English language

Native toUnited Kingdom, United States, Canada, Australia, New Zealand, Ireland, and other locations in the English-speaking world
Native speakers
L1: 372.9 million (2022)[2]
L2: 1.080 billion (2022)[2]
1.452 billion total speakers
Early forms
Manually coded English
(multiple systems)
Official status
Official language in
Recognised minority
language in
Language codes
ISO 639-1en
ISO 639-2eng
ISO 639-3eng
English language distribution.svg
  Countries and territories where English or an English-based creole is the native language of the majority
  Countries and territories where English is an official or administrative language but not a majority native language
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English is a West Germanic language in the Indo-European language family, with its earliest forms spoken by the inhabitants of early medieval England.[3][4][5] It is named after the Angles, one of the ancient Germanic peoples that migrated to the island of Great Britain. Existing on a dialect continuum with Scots and then most closely related to the Low Saxon and Frisian languages, Modern English is genealogically Germanic. Although its grammar and core vocabulary are mostly West Germanic, it has borrowed many words from French (about 28% of English words) and Latin (also about 28%),[6] as well as some grammar and core vocabulary from Old Norse (a North Germanic language).[7][8][9] Speakers of English are called Anglophones.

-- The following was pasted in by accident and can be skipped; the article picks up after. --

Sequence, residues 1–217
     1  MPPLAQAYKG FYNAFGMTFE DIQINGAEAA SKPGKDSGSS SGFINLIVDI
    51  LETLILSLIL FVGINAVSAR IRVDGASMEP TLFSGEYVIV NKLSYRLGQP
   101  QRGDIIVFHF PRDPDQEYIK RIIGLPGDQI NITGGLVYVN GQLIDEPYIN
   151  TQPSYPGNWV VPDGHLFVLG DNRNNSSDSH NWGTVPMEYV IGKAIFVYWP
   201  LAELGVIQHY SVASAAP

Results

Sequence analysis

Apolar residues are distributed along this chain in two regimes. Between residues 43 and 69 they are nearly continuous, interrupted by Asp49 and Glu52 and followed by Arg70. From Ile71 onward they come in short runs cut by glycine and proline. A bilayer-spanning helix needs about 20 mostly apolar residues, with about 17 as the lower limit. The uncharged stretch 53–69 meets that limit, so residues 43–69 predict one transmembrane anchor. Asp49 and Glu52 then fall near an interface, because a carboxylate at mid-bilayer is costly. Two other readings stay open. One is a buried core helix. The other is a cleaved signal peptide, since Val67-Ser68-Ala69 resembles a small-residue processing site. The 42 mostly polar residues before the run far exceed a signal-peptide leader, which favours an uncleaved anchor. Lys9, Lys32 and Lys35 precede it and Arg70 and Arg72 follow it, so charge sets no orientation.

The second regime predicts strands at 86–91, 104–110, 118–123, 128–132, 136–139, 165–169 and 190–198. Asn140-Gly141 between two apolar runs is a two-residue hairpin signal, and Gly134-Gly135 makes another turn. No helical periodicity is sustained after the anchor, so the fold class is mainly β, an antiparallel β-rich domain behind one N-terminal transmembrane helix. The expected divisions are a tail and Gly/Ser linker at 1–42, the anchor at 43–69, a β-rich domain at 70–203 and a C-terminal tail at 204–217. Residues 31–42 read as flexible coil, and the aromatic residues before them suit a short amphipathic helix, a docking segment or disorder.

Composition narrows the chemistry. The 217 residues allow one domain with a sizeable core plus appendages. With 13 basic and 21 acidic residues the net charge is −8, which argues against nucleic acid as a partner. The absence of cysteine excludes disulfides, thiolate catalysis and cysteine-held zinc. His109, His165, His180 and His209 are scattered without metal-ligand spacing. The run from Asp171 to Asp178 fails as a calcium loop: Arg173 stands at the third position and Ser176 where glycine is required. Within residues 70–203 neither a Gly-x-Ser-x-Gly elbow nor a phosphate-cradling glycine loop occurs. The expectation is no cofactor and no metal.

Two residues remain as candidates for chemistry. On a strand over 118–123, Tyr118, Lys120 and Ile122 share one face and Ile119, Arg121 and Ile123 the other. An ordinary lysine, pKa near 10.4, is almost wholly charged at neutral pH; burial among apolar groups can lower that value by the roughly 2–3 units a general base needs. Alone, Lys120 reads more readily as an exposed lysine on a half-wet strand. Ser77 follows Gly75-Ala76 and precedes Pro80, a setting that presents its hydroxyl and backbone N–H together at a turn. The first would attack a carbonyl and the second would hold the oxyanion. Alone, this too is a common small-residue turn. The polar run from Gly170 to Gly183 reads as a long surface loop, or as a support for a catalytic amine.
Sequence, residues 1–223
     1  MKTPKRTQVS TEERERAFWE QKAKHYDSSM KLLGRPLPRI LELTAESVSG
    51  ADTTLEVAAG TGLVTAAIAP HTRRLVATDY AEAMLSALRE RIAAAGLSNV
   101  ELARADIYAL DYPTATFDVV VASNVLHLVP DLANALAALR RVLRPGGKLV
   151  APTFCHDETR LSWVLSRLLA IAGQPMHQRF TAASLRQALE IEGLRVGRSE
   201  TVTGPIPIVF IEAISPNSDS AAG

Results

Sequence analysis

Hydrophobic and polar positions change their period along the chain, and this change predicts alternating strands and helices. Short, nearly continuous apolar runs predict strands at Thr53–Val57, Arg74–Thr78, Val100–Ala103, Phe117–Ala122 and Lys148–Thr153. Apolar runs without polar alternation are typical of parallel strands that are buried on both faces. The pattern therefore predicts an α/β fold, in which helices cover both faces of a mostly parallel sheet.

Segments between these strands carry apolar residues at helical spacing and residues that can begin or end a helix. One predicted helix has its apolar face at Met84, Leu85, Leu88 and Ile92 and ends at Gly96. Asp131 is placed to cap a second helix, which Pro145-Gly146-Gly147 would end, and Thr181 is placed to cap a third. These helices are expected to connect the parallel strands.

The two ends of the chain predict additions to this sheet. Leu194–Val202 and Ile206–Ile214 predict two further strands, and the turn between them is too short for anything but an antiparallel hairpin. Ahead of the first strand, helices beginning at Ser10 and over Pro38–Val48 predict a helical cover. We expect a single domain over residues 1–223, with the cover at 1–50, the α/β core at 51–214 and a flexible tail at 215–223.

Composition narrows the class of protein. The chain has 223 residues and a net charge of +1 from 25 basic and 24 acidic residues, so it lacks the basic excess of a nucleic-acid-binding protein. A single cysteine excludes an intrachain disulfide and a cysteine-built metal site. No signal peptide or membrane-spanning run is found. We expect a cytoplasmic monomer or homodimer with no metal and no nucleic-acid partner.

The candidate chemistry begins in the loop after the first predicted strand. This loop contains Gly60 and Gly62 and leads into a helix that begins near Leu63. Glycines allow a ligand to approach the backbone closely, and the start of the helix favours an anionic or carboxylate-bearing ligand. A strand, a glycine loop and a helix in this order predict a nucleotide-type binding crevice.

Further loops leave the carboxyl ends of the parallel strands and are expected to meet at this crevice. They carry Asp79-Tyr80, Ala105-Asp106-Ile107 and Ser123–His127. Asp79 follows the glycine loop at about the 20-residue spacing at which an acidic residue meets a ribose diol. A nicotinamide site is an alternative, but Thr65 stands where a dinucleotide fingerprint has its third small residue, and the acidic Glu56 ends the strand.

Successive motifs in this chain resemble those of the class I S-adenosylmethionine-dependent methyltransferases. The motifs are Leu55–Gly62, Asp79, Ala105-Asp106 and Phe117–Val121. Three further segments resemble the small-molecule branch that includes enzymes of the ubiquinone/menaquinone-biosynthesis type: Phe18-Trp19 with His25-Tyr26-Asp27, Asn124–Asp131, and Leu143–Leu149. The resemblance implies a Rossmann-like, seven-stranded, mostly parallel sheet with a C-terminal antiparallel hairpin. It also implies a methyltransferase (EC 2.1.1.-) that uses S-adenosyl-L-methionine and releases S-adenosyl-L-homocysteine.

The earliest forms of English, collectively known as Old English or "Anglo-Saxon", evolved from a group of North Sea Germanic dialects brought to Great Britain by Anglo-Saxon settlers in the 5th century; these dialects generally resisted influence from the then-local Common Brittonic and British Latin languages. However Old English dialects were later influenced by Old Norse-speaking Viking settlers and invaders starting in the 8th and 9th centuries. At the time, Old Norse even retained considerable mutual intelligibility with certain dialects of Old English (especially more northern dialects). Middle English began in the late 11th century after the Norman Conquest of England, when considerable Old French (especially Old Norman French) and Latin-derived vocabulary was incorporated into English over some three hundred years.[10][11] Early Modern English began in the late 15th century with the start of the Great Vowel Shift and the Renaissance trend of borrowing further Latin and Greek words and roots into English, concurrent with the introduction of the printing press to London. This era notably culminated in the King James Bible and the works of William Shakespeare.[12][13] The printing press greatly standardized English spelling,[citation needed] which has remained largely unchanged since then, despite a wide variety of later sound shifts in different English dialects.

Modern English grammar is the result of a gradual change from a typical Indo-European dependent-marking pattern with a rich inflectional morphology and relatively free word order to a mostly analytic pattern with little inflection and a fairly fixed subject–verb–object word order.[14] Modern English relies more on auxiliary verbs and word order for the expression of complex tenses, aspects and moods, as well as passive constructions, interrogatives, and some negation.